7.3.2014 - 6.7.2014


A Pioneer of Abstraction


The following is based on the wall texts in the exhibition Hilma af Klint – A Pioneer of Abstraction at Louisiana. More information in English can be found in the exhibition catalogue “Hilma af Klint – A Pioneer of Abstraction” published by Moderna Museet, Stockholm.

The Swedish artist Hilma af Klint (1862-1944) was at the leading edge of the development of abstract art in the first decade of the twentieth century. She made her first abstract paintings as early as 1906, but she never exhibited the pioneering pictures. She wrote in her will that at least twenty years must pass after her death before the pictures could be shown in public. Only then would time be ripe, she thought.

The driving force behind Hilma af Klint’s work is the conviction that there is a spiritual dimension to existence. With painting as her tool she sought insight into a higher coherence behind the visible world. The pictures are structured in series and are characterized by their systematic approach to the exploration of the spiritual.

Hilma af Klint was inspired by a number of spiritually searching and experimental currents in her time, for example spiritualism, Theosophy and later Anthroposophy. She shared her interest for metaphysical matters with many other thinkers, authors, musicians and artists of the period, including the better known pioneers of abstract art – Wassily Kandinsky, Kazimir Malevich, František Kupka and Piet Mondrian.

The exhibition spans the whole of Hilma af Klint’s oeuvre. She trained at the Royal Swedish Academy of Fine Arts in naturalistic landscape and portrait painting, but alongside her activities in these genres she experimented with contacting higher consciousnesses and planes of reality.

As a result of this she changed course artistically: at the age of 44 she began painting abstract and symbolic pictures. Pictures of universal connections and structures that she saw beyond the visible world. The central work is a large suite that she called The Paintings for the Temple. A large part of the suite is shown in the exhibition, and it consists of a number of different series created in the period 1906-15.

The increasingly geometrical formal language was softened in the late works from the 1920s, when Hilma af Klint again changed style and continued her explorations in watercolours of a more fluid character.

Pure abstraction is not an end in itself in Hilma af Klint’s work. The abstractions can rather be seen as visual representations of the invisible, universal forces which she believed connected the material and the spiritual world.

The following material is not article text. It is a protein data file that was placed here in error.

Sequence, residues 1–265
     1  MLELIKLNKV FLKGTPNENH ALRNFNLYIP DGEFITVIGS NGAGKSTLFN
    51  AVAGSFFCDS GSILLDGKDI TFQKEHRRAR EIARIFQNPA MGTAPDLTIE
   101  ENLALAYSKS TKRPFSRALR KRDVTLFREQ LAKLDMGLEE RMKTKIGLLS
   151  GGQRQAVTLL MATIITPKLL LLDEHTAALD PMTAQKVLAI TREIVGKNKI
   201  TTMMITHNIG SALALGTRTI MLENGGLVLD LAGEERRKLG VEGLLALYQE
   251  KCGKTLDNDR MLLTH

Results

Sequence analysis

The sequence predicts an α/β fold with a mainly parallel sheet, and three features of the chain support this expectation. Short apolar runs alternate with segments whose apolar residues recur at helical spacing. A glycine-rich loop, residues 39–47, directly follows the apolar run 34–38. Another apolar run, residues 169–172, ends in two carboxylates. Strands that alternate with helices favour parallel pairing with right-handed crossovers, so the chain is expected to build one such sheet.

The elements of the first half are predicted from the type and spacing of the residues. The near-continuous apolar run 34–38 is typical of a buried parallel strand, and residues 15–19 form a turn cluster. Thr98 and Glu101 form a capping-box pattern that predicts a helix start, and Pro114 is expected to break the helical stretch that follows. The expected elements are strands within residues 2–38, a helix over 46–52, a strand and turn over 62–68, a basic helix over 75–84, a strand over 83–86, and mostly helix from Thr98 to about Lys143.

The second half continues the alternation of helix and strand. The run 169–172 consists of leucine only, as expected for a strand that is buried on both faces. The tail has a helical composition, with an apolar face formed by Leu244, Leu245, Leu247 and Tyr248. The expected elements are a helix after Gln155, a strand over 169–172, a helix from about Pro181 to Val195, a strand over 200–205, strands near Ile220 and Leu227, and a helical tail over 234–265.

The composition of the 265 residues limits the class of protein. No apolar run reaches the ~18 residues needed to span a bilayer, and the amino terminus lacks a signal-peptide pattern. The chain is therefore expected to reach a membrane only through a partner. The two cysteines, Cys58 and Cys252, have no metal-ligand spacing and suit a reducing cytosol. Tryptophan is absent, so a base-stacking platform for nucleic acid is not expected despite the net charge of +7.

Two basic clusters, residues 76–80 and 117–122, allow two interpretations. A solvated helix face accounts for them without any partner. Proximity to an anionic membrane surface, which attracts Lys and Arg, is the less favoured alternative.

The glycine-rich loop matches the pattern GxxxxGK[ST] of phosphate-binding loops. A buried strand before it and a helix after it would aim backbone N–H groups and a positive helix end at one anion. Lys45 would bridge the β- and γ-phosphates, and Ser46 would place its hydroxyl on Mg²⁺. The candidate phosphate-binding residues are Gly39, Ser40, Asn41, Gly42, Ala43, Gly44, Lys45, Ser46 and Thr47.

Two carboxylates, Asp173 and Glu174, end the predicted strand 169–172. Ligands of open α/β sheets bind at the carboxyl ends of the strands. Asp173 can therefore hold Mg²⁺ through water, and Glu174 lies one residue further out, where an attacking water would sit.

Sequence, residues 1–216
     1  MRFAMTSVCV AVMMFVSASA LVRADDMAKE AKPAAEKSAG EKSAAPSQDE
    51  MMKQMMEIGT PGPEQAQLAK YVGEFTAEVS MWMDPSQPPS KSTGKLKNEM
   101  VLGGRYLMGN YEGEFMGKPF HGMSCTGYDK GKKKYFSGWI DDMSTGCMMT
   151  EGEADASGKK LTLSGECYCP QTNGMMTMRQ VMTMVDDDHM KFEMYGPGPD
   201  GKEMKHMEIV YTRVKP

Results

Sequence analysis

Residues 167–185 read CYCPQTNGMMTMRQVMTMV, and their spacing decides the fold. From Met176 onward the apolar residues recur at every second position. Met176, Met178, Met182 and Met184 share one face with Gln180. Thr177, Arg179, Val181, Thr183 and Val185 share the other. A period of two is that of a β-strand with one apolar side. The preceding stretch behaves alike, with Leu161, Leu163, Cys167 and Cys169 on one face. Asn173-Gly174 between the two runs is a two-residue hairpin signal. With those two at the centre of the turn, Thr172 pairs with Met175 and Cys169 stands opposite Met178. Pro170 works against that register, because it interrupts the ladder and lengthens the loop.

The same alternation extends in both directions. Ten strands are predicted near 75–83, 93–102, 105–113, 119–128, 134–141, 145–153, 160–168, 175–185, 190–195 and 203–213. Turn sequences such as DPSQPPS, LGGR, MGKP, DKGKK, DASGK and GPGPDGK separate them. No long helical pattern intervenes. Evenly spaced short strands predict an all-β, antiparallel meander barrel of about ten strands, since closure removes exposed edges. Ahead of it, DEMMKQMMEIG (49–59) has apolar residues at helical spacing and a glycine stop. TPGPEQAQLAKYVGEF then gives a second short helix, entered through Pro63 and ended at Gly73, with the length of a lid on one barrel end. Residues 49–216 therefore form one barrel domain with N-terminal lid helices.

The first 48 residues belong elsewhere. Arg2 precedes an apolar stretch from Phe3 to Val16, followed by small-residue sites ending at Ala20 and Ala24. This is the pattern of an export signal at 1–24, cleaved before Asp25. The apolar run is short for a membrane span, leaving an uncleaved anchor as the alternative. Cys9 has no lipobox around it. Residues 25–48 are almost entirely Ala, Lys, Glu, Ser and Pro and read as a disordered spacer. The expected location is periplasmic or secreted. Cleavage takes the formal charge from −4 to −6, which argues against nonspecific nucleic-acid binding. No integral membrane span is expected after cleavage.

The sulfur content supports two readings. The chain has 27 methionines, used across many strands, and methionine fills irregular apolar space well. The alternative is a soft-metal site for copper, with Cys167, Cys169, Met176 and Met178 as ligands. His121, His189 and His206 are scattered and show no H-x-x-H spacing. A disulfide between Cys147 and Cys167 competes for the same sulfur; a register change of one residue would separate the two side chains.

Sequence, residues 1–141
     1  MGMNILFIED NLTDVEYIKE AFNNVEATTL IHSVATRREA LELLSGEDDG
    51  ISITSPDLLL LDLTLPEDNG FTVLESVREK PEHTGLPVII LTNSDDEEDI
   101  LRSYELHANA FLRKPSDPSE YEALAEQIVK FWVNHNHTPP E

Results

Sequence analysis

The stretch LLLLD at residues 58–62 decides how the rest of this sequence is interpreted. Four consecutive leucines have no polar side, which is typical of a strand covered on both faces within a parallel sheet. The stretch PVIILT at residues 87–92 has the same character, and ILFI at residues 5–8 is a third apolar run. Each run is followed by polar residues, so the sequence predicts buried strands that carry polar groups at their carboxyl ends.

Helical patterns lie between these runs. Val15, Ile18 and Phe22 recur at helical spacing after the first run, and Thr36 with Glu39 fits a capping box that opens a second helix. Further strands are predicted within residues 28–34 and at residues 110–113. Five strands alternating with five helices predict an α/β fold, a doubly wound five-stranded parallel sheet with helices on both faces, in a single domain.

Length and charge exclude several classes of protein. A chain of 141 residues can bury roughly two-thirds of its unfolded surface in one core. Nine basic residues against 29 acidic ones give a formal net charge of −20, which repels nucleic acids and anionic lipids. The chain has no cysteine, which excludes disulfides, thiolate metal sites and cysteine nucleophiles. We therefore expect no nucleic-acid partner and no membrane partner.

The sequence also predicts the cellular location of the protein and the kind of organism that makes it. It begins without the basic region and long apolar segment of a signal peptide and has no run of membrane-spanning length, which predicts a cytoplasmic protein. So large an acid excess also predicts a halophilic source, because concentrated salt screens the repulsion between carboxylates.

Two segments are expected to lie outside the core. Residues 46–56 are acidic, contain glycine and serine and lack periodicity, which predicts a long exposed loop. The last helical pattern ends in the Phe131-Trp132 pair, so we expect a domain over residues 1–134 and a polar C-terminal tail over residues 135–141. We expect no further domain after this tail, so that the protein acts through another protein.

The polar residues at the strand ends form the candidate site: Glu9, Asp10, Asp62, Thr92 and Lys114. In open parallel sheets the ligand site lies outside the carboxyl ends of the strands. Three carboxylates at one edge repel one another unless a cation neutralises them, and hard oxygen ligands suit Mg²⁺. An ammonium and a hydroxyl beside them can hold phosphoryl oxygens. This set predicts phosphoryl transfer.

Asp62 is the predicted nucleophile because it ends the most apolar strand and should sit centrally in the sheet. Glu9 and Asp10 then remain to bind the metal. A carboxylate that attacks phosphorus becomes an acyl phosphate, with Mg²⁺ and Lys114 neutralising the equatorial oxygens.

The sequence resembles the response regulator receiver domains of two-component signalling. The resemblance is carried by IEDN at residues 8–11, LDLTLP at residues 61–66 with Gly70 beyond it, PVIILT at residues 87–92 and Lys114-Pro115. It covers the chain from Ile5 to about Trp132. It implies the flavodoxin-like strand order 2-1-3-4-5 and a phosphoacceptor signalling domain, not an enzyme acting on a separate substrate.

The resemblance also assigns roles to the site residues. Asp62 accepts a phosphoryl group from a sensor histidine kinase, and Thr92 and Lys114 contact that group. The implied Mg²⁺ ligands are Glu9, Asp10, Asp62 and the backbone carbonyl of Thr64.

Early works

The exhibition shows examples of Hilma af Klint’s early work: a landscape painting and a number of botanical studies. She worked for a period as an illustrator for the Swedish Veterinary Institute, and these early pictures testify to her talent for accurate and sober registration of what she saw.

Alongside the activities as a naturalistic artist she took an interest in the invisible dimensions of reality. In 1896 Hilma af Klint began meeting weekly with four other women in the group The Five. They studied and held séances where the members of the group are said to have come into contact with ‘higher consciousnesses’. In automatic drawings and writing The Five recorded the messages and impressions they received during the séances. The drawings include several of the motifs that later appear in Hilma af Klint’s paintings, such as the spiral and stylized plant motifs as well as geometrical and mirrored shapes.


The Five took minutes of their meetings including messages and images received during the séances. A practice which Hilma af Klint carried on throughout her life and among other things she made a notebook with lists of letters and words in her work. The book is on display in the exhibition and makes clear how the same letters and words can carry different symbolic meanings. She left a total of about 25,000 pages of sketches and notes. Late in her life she went through the many notebooks, structured them and added lists of contents.

Hilma af Klint - A Pioneer of Abstraction. Video produced by Moderna Museet, Stockholm.

Hilma af Klint’s symbols

Hilma af Klint uses many symbols that cannot be translated unambiguously. The individual symbols may have several meanings that change according to the context in which they appear. Some symbols can be recognized from Christian symbolism, others are taken from ancient, eastern or occult traditions. They carry their original meanings with them, but are also given new ones in Hilma af Klints complex use of them.

Some of the most common symbols:

The snail/the spiral represents development and evolution. If the spiral runs clockwise (from the center), it signifies the power of emotion, which is a feminine principle. If it runs counter-clockwise, it symbolizes thought and the masculine power.

Blue and yellow represent the feminine and the masculine respectively. The same is true of the lily and the rose.

W stands for matter, U stands for spirit.

The almond shape (the mandorla or vesica piscis) is a widespread symbol in many traditions, for example as a symbol of the development towards unity and completion.

The swan represents the metaphysical in many religions and mythologies and stands for consummation in the alchemical tradition.